MONTGOMERY, Ala. (AP) — A House of Representatives committee approved Tuesday a compromise proposal that would give the state limited oversight over hundreds of faith-based day cares that are currently unregulated by the state.
The House Children and Senior Advocacy Committee unanimously voted to send the bill to the House floor. The approval came after a lengthy public hearing in which advocates named children who had been injured, or killed, in exempt centers.
"Everybody knows we have a problem," bill sponsor Rep. Pebblin Warren, D-Tuskegee, said.
Alabama has had a longstanding law exempting faith-based day cares from state licensure and regulations such as maximum child-to-worker ratios. Nearly half of the 1,914 day cares in the state claim the religious exemption, according to the Department of Human Resources.
Under the compromise bill, the centers would remain exempt from getting a license, but the state would be able to inspect the centers once yearly. They would also have to submit names of workers and their criminal histories. Centers who take government subsidies would have to be licensed. Exempt facilities would have to post notices that they are not licensed by the state.
Opponents of the bill said they were worried about additional regulations on church-run day cares.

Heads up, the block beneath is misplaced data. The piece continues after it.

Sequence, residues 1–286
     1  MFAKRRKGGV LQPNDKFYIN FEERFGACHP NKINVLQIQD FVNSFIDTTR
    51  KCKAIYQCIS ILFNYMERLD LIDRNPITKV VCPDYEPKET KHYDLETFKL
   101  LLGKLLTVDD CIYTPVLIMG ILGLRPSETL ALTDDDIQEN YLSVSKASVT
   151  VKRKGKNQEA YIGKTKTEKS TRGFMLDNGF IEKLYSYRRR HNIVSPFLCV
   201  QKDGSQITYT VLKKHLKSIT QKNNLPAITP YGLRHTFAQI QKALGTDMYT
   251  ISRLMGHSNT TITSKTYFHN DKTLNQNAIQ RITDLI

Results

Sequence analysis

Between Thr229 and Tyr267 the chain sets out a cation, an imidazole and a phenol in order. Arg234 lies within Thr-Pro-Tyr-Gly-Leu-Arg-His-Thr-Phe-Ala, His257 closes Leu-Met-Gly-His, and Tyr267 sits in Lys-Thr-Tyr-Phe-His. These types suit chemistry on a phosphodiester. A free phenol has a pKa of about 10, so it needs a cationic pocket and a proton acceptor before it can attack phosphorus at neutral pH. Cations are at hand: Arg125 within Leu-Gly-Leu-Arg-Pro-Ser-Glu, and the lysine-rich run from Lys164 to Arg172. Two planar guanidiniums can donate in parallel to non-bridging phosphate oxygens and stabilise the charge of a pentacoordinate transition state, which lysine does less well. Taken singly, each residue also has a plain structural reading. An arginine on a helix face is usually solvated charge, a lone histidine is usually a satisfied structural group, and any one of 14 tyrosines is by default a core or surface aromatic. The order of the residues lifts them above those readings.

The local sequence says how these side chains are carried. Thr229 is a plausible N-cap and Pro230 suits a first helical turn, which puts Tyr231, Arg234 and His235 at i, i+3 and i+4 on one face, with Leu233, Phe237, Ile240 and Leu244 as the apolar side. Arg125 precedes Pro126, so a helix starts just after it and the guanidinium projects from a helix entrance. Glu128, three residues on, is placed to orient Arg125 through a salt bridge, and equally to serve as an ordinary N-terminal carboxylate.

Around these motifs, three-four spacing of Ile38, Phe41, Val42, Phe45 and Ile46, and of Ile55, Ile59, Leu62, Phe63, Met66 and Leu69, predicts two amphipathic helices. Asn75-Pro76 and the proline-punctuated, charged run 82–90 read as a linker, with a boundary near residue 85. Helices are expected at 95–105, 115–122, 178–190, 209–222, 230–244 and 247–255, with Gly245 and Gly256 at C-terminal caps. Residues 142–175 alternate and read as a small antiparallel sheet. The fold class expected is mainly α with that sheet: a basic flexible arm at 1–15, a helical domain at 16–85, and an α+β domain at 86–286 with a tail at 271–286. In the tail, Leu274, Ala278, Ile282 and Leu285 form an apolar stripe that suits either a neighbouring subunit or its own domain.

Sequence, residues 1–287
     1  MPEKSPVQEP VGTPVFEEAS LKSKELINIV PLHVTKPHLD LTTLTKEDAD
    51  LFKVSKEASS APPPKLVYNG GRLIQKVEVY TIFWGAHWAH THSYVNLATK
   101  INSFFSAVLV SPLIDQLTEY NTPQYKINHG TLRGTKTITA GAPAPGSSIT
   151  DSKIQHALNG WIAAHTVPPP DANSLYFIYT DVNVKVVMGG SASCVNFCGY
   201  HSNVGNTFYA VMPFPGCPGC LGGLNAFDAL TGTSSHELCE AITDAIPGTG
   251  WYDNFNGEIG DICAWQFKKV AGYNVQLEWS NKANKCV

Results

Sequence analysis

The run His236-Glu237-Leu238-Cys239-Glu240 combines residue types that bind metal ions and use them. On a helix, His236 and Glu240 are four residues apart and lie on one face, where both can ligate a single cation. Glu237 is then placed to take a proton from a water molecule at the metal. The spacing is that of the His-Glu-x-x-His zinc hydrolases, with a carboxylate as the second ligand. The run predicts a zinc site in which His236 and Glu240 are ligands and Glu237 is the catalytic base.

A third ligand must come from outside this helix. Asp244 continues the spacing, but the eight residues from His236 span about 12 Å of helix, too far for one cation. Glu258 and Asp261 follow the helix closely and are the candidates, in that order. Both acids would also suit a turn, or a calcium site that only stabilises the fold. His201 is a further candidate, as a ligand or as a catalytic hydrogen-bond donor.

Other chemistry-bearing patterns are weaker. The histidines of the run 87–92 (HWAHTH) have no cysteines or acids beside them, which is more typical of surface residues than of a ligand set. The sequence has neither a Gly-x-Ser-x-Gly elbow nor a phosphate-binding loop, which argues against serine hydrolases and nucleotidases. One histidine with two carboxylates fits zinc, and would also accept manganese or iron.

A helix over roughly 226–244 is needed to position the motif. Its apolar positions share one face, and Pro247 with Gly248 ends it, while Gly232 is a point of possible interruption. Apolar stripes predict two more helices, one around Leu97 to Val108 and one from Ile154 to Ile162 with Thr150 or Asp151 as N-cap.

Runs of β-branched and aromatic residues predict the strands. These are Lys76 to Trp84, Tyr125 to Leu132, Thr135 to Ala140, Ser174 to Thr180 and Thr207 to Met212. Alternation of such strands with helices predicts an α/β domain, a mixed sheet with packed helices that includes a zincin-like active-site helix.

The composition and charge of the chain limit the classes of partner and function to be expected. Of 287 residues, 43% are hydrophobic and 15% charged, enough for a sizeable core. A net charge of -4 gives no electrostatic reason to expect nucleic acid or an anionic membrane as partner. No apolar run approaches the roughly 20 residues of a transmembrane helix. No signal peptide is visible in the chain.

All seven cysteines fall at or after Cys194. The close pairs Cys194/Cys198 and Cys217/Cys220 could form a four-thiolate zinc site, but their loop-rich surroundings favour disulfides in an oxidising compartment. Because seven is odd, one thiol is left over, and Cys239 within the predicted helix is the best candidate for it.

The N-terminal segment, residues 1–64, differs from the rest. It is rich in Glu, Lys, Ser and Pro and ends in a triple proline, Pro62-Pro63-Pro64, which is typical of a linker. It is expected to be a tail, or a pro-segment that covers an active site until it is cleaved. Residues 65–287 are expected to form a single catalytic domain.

John Eidsmoe, senior counsel with the Foundation for Moral Law, told the committee the centers are already accountable to parents and the church.
"Our concern about this bill is that it is the foot in the door that leads to further regulation," Eidsmoe said.
During the public hearing, Melanie R. Bridgeforth, executive director of VOICES for Alabama's Children, named some of the children who had been injured, or in one case killed, in recent high-profile incidents that involved exempt centers.
Eighty-six children were sickened in 2015 at a Montgomery facility after eating food that had been left out overnight. A 5-year-old in Mobile died in August after being left inside a van at an exempt center.
The House approved similar legislation last year, but the bill failed to get a vote in the Alabama Senate. Warren said she hopes to quickly get a floor vote in the Alabama House.
"We stood up here and allowed this bill to die, and in August we had a child dead. I think that put a whole different perspective on what we are responsible for and what we cannot let continue to go in the state of Alabama," Warren said.
Warren said many exempt centers aren't part of actual churches, but are for-profit endeavors that claim a religious affiliation on paperwork to escape regulation by the state.
Warren had initially sought to require all day cares to be licensed in the state, but the proposal got pushback from churches.
J. Robin Mears, executive director of the Alabama Christian Education Association, said the group opposed a licensing requirement but that the current bill was a "right balance" that the organization could support.
"It respects parents and their choice of care for their children. It does require the church to provide complete disclosure to every parent about their childcare ministry," Mears said.